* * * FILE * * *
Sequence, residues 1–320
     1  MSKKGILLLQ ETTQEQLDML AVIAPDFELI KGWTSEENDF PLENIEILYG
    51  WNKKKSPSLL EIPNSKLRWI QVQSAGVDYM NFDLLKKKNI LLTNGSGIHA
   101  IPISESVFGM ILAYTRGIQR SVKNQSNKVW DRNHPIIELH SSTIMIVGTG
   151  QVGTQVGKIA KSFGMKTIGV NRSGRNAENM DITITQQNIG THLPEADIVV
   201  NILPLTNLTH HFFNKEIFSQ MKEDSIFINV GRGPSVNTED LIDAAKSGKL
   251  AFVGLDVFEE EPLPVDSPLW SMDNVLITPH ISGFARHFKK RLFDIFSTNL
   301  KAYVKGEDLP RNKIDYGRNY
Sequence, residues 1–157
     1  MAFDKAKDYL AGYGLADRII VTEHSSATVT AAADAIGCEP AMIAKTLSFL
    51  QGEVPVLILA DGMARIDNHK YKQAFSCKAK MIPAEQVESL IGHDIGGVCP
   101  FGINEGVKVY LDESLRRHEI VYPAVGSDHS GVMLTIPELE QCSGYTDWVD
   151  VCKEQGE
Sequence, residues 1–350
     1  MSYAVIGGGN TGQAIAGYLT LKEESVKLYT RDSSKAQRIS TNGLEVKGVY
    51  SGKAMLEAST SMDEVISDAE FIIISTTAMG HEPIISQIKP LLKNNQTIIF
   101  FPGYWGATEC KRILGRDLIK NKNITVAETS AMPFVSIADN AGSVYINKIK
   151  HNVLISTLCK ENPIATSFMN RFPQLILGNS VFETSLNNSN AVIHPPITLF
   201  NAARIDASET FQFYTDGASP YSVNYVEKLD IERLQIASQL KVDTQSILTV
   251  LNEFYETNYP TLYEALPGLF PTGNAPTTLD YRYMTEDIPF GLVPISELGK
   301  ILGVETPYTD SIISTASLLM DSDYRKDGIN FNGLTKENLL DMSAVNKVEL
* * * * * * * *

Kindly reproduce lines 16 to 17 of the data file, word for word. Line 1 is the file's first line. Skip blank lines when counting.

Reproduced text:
    51  SGKAMLEAST SMDEVISDAE FIIISTTAMG HEPIISQIKP LLKNNQTIIF
   101  FPGYWGATEC KRILGRDLIK NKNITVAETS AMPFVSIADN AGSVYINKIK